Venice, Italy – The City on Water


Ah Venice, Italy. Romanticized canals. Renowned beauty. Famed gondoliers. Oh, and let’s not forget the endless stream of tourists. To be honest, I was hesitant to even make a stop in Venice because I had heard so many mixed reviews about the heavily trafficked tourist destination, that I almost skipped it altogether. There is no mistaking that Venice is indeed a beautiful city but I couldn’t help but wonder if some of that glamour is lost when the city is swamped daily with rambling foreigners. After much debate, I decided to be one of those rambling foreigners and discover for myself if Venice was really worth the hype and I’m happy to report that my overall experience was certainly a positive one. Like a maze, Venice is composed of canals and bridges with many twists and turns. If you find yourself willing to branch off from the beaten path, you will discover the many hidden gems left to be found and will undoubtedly fall in love with the city on water.

The view from our Airbnb! Gorgeous.
A quaint little restaurant was nestled amongst these homes


Day 1

Wishing a heartfelt farewell to the Dolomites, we drove down from the mountains and headed straight to the docks. We dropped off our rental car at the Venice Airport and bought our ferry tickets. We had a bit of a wait for the next boat, but soon enough we were on our way to Venice! After a long day of travel, we had finally arrived and settled into our small, but adequate AirBnb. With a full night’s sleep, we woke up bright eyed, bushy tailed, and ready for adventure. Meandering with little purpose of direction was definitely a great way to go about exploring Venice. We had no agenda except to simply see the city. A cozy cafe around this corner, a wine bar around the next, or perhaps a shop full of interesting trinkets over the bridge that might just catch your eye. Once branching off from the main strip and piazzas, there is a lot of freedom to be found in a city that you actually enjoy getting lost in.


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Rialto Bridge on the Grand Canal
Atop the Rialto Bridge

Days 2 + 3

Full disclosure, we never took a gondola ride. Before arriving in Venice, we collectively decided to play it by ear and if the moment struck us, we would take a ride. That moment never came and never did we feel a tempting urge to stand in line amongst the throngs of tourists as we waited for our jaded gondolier to arrive. Just a personal preference! Maybe we really missed out on a great experience, but especially with two young antsy kiddos, it didn’t seem worth the time or money.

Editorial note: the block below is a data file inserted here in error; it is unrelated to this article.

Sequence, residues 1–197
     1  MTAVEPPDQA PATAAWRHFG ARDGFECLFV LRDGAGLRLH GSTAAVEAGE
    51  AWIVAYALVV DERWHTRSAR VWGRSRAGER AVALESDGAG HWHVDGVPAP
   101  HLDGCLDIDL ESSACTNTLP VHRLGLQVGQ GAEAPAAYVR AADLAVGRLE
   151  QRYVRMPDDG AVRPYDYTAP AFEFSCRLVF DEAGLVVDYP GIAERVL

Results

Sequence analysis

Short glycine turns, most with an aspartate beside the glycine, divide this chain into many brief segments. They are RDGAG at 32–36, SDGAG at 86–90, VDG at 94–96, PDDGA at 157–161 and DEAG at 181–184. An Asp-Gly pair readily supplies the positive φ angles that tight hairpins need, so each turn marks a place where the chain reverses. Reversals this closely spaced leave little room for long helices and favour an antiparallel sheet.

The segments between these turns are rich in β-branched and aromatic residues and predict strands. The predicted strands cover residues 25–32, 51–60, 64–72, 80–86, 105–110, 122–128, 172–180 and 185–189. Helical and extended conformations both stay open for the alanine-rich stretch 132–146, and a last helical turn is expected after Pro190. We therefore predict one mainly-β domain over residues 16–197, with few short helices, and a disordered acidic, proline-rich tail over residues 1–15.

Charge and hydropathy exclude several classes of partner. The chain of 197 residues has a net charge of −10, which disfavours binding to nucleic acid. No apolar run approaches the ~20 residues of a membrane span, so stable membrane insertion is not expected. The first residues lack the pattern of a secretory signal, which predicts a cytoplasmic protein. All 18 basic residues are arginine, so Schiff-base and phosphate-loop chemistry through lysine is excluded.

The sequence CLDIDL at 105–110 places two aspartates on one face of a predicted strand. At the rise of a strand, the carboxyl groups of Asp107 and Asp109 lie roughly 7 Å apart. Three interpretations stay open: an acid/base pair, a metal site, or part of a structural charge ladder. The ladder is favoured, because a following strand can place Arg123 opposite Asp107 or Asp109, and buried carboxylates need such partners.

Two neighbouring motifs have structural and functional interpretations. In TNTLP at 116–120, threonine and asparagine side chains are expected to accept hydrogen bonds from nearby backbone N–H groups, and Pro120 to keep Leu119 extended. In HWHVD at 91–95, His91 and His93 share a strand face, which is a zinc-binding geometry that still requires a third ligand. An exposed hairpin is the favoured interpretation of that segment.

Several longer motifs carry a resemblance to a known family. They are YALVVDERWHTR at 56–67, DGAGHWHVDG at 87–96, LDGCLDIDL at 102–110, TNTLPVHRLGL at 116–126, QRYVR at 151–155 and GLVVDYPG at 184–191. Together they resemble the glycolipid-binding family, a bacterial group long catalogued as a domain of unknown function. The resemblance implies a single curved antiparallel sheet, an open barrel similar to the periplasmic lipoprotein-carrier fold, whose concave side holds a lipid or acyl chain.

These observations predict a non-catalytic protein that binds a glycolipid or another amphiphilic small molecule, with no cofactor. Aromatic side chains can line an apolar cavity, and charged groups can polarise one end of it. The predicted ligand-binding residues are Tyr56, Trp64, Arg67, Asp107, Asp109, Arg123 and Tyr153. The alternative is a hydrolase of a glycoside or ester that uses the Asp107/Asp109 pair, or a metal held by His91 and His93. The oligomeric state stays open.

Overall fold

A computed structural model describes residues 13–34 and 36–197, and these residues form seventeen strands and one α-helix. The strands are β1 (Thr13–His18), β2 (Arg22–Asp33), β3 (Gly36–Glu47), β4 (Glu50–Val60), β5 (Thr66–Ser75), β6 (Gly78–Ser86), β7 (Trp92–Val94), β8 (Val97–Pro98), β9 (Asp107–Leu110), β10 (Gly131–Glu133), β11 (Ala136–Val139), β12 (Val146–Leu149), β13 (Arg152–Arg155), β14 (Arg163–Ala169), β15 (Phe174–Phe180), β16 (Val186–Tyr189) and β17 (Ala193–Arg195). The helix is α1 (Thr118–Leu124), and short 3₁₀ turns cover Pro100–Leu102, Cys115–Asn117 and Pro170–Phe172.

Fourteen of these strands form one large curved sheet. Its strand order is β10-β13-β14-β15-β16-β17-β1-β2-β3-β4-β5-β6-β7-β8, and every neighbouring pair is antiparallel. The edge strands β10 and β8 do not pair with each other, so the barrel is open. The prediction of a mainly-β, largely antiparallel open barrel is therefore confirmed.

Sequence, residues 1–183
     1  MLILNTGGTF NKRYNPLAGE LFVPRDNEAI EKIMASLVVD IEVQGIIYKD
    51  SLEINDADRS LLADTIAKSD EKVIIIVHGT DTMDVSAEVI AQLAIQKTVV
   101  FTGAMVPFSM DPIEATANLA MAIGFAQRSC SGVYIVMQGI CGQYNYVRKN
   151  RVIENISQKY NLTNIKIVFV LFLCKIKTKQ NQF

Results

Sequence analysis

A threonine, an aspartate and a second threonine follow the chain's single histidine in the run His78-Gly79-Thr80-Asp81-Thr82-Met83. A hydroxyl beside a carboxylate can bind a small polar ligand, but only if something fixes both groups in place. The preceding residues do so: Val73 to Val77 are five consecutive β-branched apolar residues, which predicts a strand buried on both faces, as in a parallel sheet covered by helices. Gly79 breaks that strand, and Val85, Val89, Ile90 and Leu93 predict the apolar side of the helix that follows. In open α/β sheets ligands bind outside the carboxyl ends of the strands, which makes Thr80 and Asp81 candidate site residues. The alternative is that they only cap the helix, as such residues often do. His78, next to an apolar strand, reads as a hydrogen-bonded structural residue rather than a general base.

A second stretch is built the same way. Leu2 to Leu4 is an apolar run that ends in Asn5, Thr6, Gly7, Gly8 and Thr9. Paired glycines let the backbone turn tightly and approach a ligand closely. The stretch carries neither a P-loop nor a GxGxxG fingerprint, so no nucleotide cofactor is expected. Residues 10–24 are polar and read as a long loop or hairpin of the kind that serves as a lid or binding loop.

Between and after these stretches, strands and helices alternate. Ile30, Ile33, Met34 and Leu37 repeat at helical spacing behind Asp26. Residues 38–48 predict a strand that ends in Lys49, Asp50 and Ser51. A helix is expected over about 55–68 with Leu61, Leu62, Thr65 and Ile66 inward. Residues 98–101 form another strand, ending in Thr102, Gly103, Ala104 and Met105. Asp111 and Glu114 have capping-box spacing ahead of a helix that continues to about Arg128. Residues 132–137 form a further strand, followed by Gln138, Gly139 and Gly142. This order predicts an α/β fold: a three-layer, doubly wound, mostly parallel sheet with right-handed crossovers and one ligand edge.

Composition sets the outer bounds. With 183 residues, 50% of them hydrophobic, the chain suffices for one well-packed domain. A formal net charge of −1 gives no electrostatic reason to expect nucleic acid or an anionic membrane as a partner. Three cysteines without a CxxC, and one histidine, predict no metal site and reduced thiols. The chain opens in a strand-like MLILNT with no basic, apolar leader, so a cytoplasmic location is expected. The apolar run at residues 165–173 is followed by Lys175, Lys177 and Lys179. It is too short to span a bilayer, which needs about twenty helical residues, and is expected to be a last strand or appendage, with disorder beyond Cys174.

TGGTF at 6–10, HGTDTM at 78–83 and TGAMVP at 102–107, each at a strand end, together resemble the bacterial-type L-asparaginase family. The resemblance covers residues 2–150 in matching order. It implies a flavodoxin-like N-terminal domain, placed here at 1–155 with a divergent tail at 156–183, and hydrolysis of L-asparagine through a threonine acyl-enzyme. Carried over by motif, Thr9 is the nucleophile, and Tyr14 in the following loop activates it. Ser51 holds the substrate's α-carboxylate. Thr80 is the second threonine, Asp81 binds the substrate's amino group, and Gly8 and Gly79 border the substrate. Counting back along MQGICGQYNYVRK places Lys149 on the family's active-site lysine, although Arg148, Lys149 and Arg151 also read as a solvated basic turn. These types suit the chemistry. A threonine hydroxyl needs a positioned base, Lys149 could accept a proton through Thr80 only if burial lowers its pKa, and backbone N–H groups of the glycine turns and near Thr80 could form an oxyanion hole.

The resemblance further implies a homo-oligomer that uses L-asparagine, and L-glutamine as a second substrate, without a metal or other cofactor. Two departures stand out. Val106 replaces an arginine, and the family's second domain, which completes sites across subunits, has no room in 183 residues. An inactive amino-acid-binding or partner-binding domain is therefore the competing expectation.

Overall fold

We did visit a few popular bridges – Ponte dell’Accademia, Bridge of Sighs, and Rialto Bridge. Certainly all worth a quick peek, but the journey to them was certainly half of the fun! Do some window shopping, grab a cocktail alongside the Grand Canal, or peruse some local art. We came upon a little shop that had an eclectic variety of international beers. The shop owner handpicked beers from all over the globe and we even spotted a few familiar labels from California.

Bridge of Sighs
Ponte dell’Accademia
Beershop Venezia


Dhero Cafe, such a cute little bar at night with great service
A quiet little piazza that we had to ourselves




A few things to note:

If you didn’t know this already, Venice is NOT wheelchair or stroller friendly. Like, at all. Every bridge has stairs and there are 391 bridges throughout the city. Even wheeling your luggage to and from your hotel is a hassle and a serious hurdle if you don’t travel lightly (ie every parent traveling with children). William literally had to make multiple trips up and down these bridges carrying all of our luggage while I held onto the kids! And some of those bridges are 40ish steps, up and then down. Feel the burn!

You get to learn the water taxi system – fun! Also, kind of a bizarre experience if you are not extremely comfortable with navigating public transportation. So do your research ahead of time to familiarize yourself with the routes and stops you need. The waiting dock is also floating on the water, which can quickly make more sensitive people a bit queasy while they jostle and rock about as they wait for their boat. Also, they do not stop for long so BE READY. They don’t take kindly to dawdlers and they will be gone before you know it.

Like most tourist destinations, try to find restaurants and bars off of the main strips. There is nothing worse than overpriced mediocre food in tourist trap locations.





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